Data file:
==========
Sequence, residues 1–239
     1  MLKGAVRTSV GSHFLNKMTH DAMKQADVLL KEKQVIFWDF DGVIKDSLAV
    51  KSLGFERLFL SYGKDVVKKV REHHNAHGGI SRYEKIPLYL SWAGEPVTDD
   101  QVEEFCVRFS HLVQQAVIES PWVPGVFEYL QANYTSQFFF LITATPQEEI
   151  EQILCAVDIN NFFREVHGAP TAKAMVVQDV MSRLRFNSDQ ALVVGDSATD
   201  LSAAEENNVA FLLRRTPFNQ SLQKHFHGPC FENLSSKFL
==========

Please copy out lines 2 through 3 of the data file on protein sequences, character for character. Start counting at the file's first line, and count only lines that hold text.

     1  MLKGAVRTSV GSHFLNKMTH DAMKQADVLL KEKQVIFWDF DGVIKDSLAV
    51  KSLGFERLFL SYGKDVVKKV REHHNAHGGI SRYEKIPLYL SWAGEPVTDD